- The Crisis of the Baroque
- Decentering the European Imaginary: A Baroque Taste for India
- Line and Trait of the Baroque River
- Water in The Baroque Garden
- Fashioning the Baroque Male
- Antinomies of the Twenty-First-Century Neobaroque: Cormac McCarthy and Demian Schopf
- The Automaton
- The Baroque City
- Surface and Substance: Baroque Dress in Spain and France, 1600–1720
- Baroque Dance
- Ibero-American Architecture and Urbanism
- Baroque Organ Music
- Ottoman Baroque
- Baroque Opera
- Machine Plays
- The Organization of Knowledge from Ramus to Diderot
- Experience and Knowledge in the Baroque
- Conversation and Civility
- The Philosopher’s Baroque: Benjamin, Lacan, Deleuze
- The Spanish Baroque Novel
- Baroque Tragedy
- The Baroque as a Literary Concept
- Baroque Discourse
- Classical Defense of the Baroque
- The Baroque and Philosophy
- The Baroque as Anti-Classicism: The French Case
- Is There a Baroque Style of Preaching in Early Modern France?
- Prayer, Meditation, and Retreat
- Baroque Sexualities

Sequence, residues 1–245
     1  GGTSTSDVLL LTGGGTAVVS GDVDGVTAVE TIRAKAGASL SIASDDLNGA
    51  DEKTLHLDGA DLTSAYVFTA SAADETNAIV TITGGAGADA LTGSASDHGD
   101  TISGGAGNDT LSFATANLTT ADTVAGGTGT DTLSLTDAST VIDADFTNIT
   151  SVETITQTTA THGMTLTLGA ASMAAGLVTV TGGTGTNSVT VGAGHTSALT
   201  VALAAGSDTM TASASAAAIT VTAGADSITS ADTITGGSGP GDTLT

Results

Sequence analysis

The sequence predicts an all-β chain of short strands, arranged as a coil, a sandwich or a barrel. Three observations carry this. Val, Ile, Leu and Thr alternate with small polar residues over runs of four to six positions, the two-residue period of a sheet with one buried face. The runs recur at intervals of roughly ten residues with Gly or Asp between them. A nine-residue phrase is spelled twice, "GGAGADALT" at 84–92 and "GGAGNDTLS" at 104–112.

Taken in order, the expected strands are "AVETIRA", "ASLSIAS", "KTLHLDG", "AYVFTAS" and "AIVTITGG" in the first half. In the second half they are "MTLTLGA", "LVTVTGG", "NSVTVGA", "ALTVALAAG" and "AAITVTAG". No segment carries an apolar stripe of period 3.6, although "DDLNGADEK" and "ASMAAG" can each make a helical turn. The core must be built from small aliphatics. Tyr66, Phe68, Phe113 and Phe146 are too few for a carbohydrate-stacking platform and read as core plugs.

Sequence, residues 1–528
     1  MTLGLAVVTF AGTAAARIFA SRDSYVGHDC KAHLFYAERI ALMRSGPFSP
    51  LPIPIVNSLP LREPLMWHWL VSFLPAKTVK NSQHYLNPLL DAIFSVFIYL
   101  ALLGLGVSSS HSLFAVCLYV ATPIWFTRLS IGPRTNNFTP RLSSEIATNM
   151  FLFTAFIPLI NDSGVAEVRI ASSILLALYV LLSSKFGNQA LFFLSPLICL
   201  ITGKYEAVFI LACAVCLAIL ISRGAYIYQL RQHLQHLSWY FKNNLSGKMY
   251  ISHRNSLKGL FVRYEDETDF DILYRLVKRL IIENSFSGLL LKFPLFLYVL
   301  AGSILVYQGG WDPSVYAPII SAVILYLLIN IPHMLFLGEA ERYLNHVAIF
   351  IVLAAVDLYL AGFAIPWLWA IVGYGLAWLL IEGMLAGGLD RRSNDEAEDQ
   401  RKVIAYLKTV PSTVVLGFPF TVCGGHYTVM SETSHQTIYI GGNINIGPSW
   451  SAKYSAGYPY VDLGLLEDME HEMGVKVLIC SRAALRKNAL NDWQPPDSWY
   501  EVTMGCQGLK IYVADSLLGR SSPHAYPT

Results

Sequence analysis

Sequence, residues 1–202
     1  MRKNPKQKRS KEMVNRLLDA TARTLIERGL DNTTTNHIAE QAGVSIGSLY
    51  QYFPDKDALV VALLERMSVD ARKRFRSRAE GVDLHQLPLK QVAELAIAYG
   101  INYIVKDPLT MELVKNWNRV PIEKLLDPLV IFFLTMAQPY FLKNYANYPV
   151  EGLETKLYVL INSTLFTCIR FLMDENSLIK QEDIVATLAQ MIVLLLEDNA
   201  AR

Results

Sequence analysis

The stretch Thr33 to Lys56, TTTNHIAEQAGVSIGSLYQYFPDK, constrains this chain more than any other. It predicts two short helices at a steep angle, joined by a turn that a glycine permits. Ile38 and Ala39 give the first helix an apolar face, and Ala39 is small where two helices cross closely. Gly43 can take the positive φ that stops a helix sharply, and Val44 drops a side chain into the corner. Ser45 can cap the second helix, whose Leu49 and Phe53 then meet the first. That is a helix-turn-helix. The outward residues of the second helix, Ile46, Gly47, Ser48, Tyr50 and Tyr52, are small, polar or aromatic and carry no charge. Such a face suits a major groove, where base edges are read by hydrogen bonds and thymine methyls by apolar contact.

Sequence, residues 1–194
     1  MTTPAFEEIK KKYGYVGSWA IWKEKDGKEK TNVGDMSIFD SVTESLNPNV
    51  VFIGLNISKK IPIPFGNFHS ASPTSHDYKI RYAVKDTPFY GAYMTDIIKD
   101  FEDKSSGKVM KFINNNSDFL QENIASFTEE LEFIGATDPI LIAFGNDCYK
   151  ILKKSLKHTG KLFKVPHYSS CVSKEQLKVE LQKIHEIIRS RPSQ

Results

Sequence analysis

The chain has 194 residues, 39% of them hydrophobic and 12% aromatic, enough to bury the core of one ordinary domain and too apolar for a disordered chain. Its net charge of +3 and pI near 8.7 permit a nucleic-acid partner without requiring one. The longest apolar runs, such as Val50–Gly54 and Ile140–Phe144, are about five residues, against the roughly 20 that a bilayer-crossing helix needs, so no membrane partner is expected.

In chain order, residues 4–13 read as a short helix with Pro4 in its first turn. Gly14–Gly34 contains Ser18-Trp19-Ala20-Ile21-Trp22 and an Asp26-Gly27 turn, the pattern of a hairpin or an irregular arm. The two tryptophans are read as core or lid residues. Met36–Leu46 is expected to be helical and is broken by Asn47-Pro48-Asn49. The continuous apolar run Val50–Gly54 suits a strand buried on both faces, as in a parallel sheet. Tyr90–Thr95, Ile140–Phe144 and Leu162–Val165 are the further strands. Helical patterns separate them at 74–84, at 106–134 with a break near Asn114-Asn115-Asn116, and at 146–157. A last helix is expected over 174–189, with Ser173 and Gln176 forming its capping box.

- Paradoxes: Baroque Science
- Baroque Diplomacy
- The End of Witch-Hunting
- Time and Chronometry
- Court Spectacle and Entertainment
- The Baroque State
Abstract and Keywords
In terms of sexuality, the Baroque period sees an evolution culminating in more clear-cut definitions and fixity: the establishment of two dimorphic sexes, which sustain physiologically grounded sexual and gender roles, concomitant with, and sustained in part by, the definition and marginalization of the homosexual. The modern sexual identities thus established depend no less on the emergence of the introspective, desiring subject, whose elaboration begins in the context of the Protestant and Catholic Reformations and the ensuing reorganization of the central religious and social institutions of confession and marriage. However, all these developments happened gradually and unevenly. Consequently, the Baroque is irreducibly marked by transition, multiplicity, lability, complexity, and the coexistence of differing models, ideas, and practices. As such, the Baroque defies dichotomous thinking and challenges historians of sexuality to move beyond entrenched and opposing “continuist” and “differentialist” approaches.
Gary Ferguson is Douglas Huntly Gordon Professor of French and Chair of the Department of French at the University of Virginia. His books include Same-Sex Marriage in Renaissance Rome: Sexuality, Identity, and Community in Early Modern Europe (Ithaca: Cornell University Press, 2016), Queer (Re)Readings in the French Renaissance: Homosexuality, Gender, Culture (Aldershot: Ashgate, 2008), and Mirroring Belief: Marguerite de Navarre’s Devotional Poetry (Edinburgh: Edinburgh University Press, 1992).
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